HELENA — With the state facing a cash flow pinch, Gov. Steve Bullock’s budget director told Superintendent Elsie Arntzen spring payments to schools might be delayed one week. She protested.
Arntzen's opposition to the daily budget decision from Bullock is notable, in part, because she is the first Republican to be superintendent in decades, which has shifted the dynamic between the Office of Public Instruction and the governor, a Democrat.
“As Superintendent, I prioritize schools. I have an obligation to schools and I will not delay their payments. The Board of Public Education has had an approved payment schedule since May of 2016,” she said in a written statement. “This state funding is crucial to schools because they budget with the assumption that they will receive this money on time. Schools have bills to pay, too."
Rather than the state distributing about $55 million to districts on March 24, the date set by the Board of Public Education under guidance from the Office of Public Instruction, Budget Director Dan Villa told Arntzen on Tuesday schools might instead be paid March 31, the last day allowable under state law. Previous Superintendent Denise Juneau had supported similar, short-term delays in November and December as revenues came in slower than expected.
Villa described the move as a simple way to manage the state’s cash flow needs that would not have any effect on schools. District advocates did not express any concerns with such short-term delays.
When the state runs into cash flow crunches — which are common this time of the year as Montana waits for income taxes to come in — the first option is to time payments to be as late as allowable under law or contracts, buying a few more weeks or days for additional revenues to come in. School payments are just one example of that. Without such delays, the state might have to consider borrowing cash from other accounts, such as the fire fund, or issuing short-term bonds called Tax Revenue Anticipatory Notes.
Last week the state’s cash balance was $111 million. On Tuesday, after those payments were made to schools in addition to other money coming in or out, the balance sat at $51 million. Higher-than-expected Medicaid collections, among other shifts, meant the state did not have to delay school payments, borrow from other accounts or seek loans this time around.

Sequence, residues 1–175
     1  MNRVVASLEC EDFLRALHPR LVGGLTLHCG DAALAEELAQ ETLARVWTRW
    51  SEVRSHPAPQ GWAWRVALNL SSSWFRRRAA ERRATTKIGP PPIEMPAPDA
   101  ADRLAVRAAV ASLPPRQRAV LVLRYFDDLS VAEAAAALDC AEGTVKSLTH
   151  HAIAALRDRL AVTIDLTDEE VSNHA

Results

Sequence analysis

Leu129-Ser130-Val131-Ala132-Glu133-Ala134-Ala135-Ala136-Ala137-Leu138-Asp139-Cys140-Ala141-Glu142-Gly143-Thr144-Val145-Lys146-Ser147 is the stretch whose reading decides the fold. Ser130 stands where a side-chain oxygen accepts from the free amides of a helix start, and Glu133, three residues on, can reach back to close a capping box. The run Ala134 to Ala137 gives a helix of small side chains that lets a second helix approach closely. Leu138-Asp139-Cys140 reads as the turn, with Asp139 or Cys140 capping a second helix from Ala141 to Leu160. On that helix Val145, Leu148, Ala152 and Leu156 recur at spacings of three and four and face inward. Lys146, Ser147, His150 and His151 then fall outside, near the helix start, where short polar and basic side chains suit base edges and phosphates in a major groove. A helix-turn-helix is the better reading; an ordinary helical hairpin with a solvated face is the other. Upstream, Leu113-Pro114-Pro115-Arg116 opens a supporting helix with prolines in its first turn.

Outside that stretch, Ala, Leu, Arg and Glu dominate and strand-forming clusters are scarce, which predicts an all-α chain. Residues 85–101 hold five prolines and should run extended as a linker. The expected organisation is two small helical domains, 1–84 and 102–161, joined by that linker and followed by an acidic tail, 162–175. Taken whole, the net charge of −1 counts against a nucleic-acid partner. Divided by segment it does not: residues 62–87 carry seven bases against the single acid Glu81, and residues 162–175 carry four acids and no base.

“It is very common practice for the State of Montana to align payments with revenues. The Budget Office has worked with OPI and the Department of Administration to do this numerous times in the past,” Villa said. “It’s disappointing the Superintendent is attempting to politicize something so routine.”
Montana School Boards Association Director of Government Relations Bob Vogel said he had never heard of a school having a problem with those kinds of short term delays.
“It’s not a concern as long as we know (the payments) are coming. That’s never really been in doubt,” he said. “If the delays were more substantial and something other than a cash flow issue, then we might have concerns.”
The Board of Public Education is likely to discuss the timing question at a future meeting. Executive Director Peter Donovan said he had talked about the need to clarify the payments with the chairwoman and staff attorney, wondering why the board’s duties include setting payment dates if state law already sets deadlines.
“There’s a pretty good schedule in statute already,” he said.
Chairwoman Sharon Carol, an Ekalaka teacher, did not return a request for comment by press time.